Important for hair, skin, and nail health.
Essential nutrient for carbohydrate metabolism.
Required for synthesis of fatty acids.
Helps to maintain a healthy nervous system.
Assists in converting food to energy.
Involved in the transformation of amino acids into protein.
Contributes to the health of sex glands and sweat glands.
Promotes normal cell growth.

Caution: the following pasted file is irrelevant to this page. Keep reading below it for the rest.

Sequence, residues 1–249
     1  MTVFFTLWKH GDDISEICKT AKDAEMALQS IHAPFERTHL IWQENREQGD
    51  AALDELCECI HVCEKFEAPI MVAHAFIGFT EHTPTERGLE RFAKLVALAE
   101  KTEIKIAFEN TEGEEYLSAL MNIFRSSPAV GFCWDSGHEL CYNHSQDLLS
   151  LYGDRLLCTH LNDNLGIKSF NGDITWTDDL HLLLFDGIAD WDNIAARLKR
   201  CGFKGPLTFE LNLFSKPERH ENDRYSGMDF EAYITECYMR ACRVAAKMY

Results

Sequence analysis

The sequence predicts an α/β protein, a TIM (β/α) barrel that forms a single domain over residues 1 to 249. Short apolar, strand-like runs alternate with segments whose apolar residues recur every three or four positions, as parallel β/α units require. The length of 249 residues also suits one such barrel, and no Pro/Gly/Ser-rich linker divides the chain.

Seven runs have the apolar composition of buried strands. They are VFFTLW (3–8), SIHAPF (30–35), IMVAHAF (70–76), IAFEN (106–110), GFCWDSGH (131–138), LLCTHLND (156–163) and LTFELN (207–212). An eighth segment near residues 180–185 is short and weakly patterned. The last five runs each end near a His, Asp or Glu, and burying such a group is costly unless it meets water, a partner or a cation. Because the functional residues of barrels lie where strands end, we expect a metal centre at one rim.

Biotin is a member of the B complex family, but it is not actually a vitamin. It is a co-enzyme that works with vitamins. It is produced naturally in small amounts by the intestines. Biotin used to be known as Vitamin H. Biotin is found in many foods, including oatmeal, vegetables, peanuts, mushrooms, egg yolks, rice, nuts, spinach, potatoes, and poultry, and beef. Biotin gets its name from the Greek word bios, which means “life” and was first isolated in 1936. Biotin is water-soluble, so any excess will be eliminated in the urine.